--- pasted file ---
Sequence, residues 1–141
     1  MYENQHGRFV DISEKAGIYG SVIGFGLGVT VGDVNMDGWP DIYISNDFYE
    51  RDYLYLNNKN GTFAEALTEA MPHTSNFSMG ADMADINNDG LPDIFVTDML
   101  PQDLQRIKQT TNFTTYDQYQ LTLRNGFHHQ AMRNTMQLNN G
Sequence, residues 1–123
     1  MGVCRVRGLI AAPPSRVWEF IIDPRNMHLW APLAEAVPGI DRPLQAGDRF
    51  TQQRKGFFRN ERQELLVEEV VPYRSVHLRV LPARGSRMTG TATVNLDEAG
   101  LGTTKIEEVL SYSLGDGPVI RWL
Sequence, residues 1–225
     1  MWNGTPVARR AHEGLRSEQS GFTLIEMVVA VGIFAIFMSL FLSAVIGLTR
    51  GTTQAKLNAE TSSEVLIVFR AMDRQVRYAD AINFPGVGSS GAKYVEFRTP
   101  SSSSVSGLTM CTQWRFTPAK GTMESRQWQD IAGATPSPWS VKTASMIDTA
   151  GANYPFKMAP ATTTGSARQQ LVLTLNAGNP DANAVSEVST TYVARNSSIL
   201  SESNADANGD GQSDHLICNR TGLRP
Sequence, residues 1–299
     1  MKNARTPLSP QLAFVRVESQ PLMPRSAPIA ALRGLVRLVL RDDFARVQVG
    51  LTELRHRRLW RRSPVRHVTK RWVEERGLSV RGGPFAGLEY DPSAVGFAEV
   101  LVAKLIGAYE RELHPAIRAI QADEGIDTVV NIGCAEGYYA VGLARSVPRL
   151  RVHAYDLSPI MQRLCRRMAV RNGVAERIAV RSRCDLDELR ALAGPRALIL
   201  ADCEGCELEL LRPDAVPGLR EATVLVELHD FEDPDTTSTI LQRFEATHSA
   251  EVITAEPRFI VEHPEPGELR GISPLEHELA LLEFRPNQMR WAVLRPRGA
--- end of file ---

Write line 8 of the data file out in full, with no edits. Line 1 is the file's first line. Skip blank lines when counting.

   101  LGTTKIEEVL SYSLGDGPVI RWL